In this second of two lectures on ecosystem ecology, Dr. Whendee Silver focuses on specific examples of how to conceptualize and measure complex changes in ecosystems. She notes that ecosystem function will be defined by the availability of the most limiting resource, and that over time, the limiting resource will also change. She presents several examples of ecosystem properties or components that play a different limiting role depending on the spatial and temporal context. She then discusses the data challenges and opportunities associated with combining simulated models with field assessments and notes the potential scale mismatch between these data and analyses. She also reflects on the contributions that can be made by ecosystem ecology to questions of environmental conservation and restoration, and highlights that ecosystem ecology can help answer questions of how and why a current ecosystem functions as it does.
Richter, D.D. and Billings, S.A. 2015. ‘One physical system’: Tansley’s ecosystem as Earth’s critical zone. New Phytologist, 206(3), 900–912.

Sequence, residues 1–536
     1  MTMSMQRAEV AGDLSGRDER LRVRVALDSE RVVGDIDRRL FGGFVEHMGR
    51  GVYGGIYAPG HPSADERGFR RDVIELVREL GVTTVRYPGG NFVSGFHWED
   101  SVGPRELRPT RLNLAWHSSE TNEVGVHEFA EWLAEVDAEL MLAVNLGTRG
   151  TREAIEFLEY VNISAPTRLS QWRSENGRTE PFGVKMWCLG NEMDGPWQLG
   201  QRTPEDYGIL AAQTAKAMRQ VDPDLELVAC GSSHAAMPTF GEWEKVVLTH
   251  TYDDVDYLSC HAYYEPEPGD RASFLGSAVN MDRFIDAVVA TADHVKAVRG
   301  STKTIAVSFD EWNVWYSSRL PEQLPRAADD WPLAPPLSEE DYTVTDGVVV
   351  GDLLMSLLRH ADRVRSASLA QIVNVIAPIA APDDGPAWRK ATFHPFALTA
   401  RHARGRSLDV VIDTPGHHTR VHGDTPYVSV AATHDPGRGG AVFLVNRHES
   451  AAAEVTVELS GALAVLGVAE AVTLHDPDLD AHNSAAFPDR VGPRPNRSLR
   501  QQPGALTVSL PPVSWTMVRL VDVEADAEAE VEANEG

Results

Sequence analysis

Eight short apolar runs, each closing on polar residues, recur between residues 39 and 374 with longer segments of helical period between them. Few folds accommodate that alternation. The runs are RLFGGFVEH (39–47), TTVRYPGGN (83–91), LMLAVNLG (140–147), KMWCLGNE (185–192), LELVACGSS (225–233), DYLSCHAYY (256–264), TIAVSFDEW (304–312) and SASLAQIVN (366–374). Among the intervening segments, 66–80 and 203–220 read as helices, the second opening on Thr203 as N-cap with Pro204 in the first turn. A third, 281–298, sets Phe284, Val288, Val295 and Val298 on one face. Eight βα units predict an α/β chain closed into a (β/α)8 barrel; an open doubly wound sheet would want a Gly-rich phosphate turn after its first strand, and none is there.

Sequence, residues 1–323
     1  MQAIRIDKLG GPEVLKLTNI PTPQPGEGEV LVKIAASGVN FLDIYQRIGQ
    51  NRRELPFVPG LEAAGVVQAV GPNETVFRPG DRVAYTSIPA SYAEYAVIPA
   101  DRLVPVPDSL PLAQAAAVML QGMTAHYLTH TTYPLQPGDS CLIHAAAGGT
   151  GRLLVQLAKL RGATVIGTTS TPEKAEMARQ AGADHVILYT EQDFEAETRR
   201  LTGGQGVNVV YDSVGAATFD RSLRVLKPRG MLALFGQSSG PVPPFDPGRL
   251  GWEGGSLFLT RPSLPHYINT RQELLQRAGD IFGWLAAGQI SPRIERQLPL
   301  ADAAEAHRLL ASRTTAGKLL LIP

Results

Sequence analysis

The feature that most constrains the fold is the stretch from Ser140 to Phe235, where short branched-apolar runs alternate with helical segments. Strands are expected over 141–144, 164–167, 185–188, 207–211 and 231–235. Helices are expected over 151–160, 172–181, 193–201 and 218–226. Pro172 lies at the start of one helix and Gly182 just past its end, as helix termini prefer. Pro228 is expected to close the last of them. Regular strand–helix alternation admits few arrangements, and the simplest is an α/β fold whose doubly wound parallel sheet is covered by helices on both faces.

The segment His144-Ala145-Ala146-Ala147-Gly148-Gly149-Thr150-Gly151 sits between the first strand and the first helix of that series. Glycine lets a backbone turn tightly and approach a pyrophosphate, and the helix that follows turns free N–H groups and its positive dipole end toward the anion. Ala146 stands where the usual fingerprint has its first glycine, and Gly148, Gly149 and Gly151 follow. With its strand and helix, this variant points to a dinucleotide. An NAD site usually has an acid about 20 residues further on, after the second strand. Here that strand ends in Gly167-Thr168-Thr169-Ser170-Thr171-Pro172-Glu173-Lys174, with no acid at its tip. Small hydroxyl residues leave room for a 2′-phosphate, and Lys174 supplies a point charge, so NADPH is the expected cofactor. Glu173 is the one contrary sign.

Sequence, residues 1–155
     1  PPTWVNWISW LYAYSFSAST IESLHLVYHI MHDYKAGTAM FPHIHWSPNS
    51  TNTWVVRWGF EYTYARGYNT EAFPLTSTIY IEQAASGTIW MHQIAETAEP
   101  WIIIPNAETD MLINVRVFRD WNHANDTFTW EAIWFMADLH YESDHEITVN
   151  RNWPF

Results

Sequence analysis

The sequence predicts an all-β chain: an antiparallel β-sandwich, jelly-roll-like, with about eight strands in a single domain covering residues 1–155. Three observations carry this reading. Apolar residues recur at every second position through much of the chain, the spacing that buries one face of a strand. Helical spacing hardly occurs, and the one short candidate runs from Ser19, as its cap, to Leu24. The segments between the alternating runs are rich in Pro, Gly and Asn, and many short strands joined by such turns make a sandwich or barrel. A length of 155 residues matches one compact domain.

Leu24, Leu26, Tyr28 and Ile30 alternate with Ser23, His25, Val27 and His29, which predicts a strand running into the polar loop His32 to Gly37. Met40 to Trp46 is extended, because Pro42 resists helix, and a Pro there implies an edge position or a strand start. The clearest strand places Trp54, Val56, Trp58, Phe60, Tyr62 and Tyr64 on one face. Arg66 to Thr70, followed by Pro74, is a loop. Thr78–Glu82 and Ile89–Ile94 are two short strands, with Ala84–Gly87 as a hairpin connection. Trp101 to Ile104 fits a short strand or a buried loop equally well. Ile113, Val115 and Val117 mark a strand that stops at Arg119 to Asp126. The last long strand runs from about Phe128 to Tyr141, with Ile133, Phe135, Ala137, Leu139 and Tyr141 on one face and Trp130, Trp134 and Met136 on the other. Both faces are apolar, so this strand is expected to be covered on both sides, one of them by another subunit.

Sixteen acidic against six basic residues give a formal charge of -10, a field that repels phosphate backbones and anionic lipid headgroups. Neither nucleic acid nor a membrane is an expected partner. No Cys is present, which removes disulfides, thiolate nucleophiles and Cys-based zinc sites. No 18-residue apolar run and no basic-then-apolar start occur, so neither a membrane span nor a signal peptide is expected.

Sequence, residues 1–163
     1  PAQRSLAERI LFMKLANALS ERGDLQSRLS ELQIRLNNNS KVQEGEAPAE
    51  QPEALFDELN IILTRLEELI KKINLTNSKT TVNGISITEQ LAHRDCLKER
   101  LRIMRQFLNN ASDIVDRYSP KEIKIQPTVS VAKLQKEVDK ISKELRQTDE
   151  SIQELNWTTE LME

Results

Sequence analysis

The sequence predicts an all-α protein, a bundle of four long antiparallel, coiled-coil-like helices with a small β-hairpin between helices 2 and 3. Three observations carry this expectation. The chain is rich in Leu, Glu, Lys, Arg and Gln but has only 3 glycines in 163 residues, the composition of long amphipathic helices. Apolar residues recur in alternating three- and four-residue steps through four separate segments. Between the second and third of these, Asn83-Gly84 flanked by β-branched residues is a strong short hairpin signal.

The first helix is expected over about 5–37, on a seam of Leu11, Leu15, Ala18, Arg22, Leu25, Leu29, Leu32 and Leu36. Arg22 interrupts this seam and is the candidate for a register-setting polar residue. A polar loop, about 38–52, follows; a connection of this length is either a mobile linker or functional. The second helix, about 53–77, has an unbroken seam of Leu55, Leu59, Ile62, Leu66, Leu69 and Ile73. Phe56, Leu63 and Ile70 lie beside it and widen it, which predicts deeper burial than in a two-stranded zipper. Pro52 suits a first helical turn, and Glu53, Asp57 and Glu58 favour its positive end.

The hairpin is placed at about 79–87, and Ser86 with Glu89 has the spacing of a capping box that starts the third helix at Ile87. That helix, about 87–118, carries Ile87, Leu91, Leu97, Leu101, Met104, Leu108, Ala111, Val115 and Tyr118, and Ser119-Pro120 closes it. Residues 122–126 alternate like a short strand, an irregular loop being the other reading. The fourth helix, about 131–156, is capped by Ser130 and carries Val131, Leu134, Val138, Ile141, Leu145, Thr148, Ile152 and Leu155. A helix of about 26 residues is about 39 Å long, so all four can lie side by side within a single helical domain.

Whendee Silver is the Rudy Grah Chair and Professor of Ecosystem Ecology in the Department of Environmental Science, Policy, and Management at UC Berkeley and Geological Scientist Faculty in the Earth Sciences Division of Lawrence Berkeley National Laboratory. She received a Master of Forest Science and PhD in Ecosystem Ecology, both from Yale University. Her work seeks to determine the biogeochemical effects of climate change and human impacts on the environment, and the potential for mitigating these effects. Her current research program has three primary foci: (1) the impacts of deforestation, reforestation, grazing, and other land use practices on carbon losses, carbon sequestration, and biogeochemical cycling, (2) retention and loss of carbon and nutrients under variable redox conditions, and (3) the impacts of water and agricultural management on greenhouse gas emissions. Professor Silver is one of the founding members and the lead scientist of the Marin Carbon Project, and the Silver Lab was recently awarded the Innovation Prize by the American Carbon Registry for this work.